Over the past decade there has been much talk in the industry about customer service and how, when a problem arises, the best in the business turn a negative experience into an opportunity to impress.
Recently, the Mazda3 let us down. It was its first false step in more than nine months and 10,000 miles of use. A colleague was driving to Oxford when he stalled it at a roundabout. Once the car restarted, it went into limp mode and illuminated the engine management light, so after pulling over into an adjacent service station the colleague called Mazda First, the brand’s roadside and accident assistance service. Any buyer of a new Mazda gets free comprehensive European cover from Mazda First for three years, regardless of mileage.
Mazda First dispatched a recovery contractor and called back to keep us updated on its progress to us. Just 45 minutes later, the contractor arrived, hooked its mobile diagnostics system up, reset the fault, gave us a print-out and the car was back on the road.
Rapid, efficient and plenty of communication – just as any customer stranded on a journey would want. Another nice touch was a follow-up call from Mazda First, to ensure we were fully satisfied with the service and check whether we required any further action.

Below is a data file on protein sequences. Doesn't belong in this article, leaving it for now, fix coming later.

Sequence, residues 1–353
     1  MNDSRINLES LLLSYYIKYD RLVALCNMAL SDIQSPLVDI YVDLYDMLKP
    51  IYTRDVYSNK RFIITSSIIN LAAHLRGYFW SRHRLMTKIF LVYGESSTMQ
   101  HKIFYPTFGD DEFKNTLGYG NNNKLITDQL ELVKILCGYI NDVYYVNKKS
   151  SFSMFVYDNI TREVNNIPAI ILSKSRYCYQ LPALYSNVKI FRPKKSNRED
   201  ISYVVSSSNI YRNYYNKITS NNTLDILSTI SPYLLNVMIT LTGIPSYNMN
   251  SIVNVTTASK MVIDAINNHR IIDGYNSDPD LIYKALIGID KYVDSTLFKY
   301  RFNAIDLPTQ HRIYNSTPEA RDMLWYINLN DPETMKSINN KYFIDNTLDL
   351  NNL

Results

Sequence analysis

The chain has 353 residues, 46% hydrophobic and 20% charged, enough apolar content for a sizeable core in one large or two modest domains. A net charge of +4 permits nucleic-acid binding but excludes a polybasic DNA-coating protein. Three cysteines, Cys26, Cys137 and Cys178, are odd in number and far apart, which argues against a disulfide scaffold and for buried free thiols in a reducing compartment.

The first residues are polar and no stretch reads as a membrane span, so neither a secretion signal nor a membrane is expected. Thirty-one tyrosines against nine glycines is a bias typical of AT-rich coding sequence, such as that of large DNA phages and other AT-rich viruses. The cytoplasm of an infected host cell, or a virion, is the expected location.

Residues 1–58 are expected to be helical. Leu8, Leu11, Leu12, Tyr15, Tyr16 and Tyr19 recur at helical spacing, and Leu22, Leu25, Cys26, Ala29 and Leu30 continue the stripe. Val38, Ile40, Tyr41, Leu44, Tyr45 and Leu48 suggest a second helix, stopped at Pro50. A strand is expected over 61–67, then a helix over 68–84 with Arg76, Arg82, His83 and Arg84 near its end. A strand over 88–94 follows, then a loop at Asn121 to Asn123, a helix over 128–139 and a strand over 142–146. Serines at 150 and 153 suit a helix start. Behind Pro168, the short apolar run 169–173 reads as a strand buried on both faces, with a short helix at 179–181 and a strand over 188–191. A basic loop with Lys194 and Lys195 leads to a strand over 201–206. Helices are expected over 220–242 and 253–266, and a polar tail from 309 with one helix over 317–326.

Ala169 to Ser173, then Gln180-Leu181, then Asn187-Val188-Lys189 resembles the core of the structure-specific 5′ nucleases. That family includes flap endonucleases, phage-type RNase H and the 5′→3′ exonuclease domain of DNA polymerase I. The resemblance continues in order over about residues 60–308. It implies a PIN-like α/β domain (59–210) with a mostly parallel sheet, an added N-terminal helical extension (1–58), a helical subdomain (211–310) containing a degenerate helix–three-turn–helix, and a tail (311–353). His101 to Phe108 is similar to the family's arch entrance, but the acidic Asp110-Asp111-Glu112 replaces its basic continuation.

The car has since been running without problem. However, with the mileage we’re covering in it each month it is nearing its first annual service, so when it goes in to our chosen Mazda dealership in early August we’ll expect the technicians to give it a once-over.
We expect it was a rare glitch. An internet trawl for issues with the Mazda3 came up with very little. On the Honest John website, an owner complained about being asked for £400 for a space-saving spare wheel and jack after reporting that the car’s tyre repair kit was “worse than useless”. Another complained about the lack of DAB radio.
The latest-generation Mazda 3 has only been on the market for 18 months, but it seems reliability is little concern.